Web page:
Date of Award
Master of Arts (MA)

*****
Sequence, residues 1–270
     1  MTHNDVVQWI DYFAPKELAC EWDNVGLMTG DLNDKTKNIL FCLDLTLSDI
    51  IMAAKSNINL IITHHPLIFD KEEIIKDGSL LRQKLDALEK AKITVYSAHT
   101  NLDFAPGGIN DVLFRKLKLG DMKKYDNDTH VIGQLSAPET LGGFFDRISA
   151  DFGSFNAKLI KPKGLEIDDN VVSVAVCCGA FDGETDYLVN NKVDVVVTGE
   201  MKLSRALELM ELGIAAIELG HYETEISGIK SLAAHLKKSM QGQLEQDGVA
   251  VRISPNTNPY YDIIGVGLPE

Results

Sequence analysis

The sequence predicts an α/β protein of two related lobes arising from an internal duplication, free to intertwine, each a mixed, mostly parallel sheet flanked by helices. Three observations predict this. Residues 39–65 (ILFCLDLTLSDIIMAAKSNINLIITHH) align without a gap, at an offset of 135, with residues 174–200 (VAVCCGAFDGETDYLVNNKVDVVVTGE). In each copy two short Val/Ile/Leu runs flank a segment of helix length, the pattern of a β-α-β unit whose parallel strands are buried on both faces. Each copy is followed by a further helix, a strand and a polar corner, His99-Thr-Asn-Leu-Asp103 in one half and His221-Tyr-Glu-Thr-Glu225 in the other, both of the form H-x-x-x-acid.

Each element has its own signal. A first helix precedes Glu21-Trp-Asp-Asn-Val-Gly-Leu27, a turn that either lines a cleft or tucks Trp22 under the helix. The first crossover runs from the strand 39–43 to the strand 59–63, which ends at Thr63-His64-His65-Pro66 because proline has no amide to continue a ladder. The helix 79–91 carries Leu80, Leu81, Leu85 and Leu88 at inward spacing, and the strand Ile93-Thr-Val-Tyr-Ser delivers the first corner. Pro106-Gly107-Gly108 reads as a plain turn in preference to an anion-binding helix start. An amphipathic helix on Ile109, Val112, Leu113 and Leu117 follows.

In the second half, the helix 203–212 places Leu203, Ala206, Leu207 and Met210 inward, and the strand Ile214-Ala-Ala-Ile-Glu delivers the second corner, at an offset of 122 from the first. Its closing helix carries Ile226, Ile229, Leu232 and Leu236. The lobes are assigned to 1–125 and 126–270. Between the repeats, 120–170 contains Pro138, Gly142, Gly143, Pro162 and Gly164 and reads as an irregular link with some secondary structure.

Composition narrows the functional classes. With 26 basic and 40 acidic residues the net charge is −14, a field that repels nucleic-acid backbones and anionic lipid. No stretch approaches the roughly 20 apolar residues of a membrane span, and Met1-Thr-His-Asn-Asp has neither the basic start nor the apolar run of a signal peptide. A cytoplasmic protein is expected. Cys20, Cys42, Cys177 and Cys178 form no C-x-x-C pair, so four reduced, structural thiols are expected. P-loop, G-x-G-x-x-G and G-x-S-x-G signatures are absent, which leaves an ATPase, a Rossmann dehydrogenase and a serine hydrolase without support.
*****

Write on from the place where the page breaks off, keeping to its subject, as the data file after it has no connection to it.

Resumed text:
Cilia and flagella are synonymous organelles that protrude above the cell surface to propel fluid and monitor signals in the environment. These functions are central to human development and health, as well as for numerous organisms to thrive in their natural habitats. Pioneering studies of their fundamental mechanisms heavily rely on the biflagellate green alga, Chlamydomonas. One example is the extensive characterization of bidirectional intraflagellar transport (IFT), a transport system that perpetually delivers flagellar components between the base and the tip of the flagella. Such characterization has resulted in the discovery of numerous evolutionarily conserved genes crucial for flagella growth and function. Yet, intense autofluorescence emitted mostly from photosynthesis pigments has prevented visualization of flagellar protein trafficking deeper into the Chlamydomonas cell body, a process presumably tightly coupled to IFT. This thesis project explored 1) an array of fluorescent proteins with various intensities and spectra, 2) filter sets to distinguish signals against background, and 3) a new strategy for tagging a protein of interest a string of fluorescent proteins. Through a combination of optimizations, a candidate new transit center and possible intracellular trafficking modalities have been identified. These pivotal findings will stimulate novel research questions that will address important questions in flagellar biology and will also make many obscured processes visible in the future.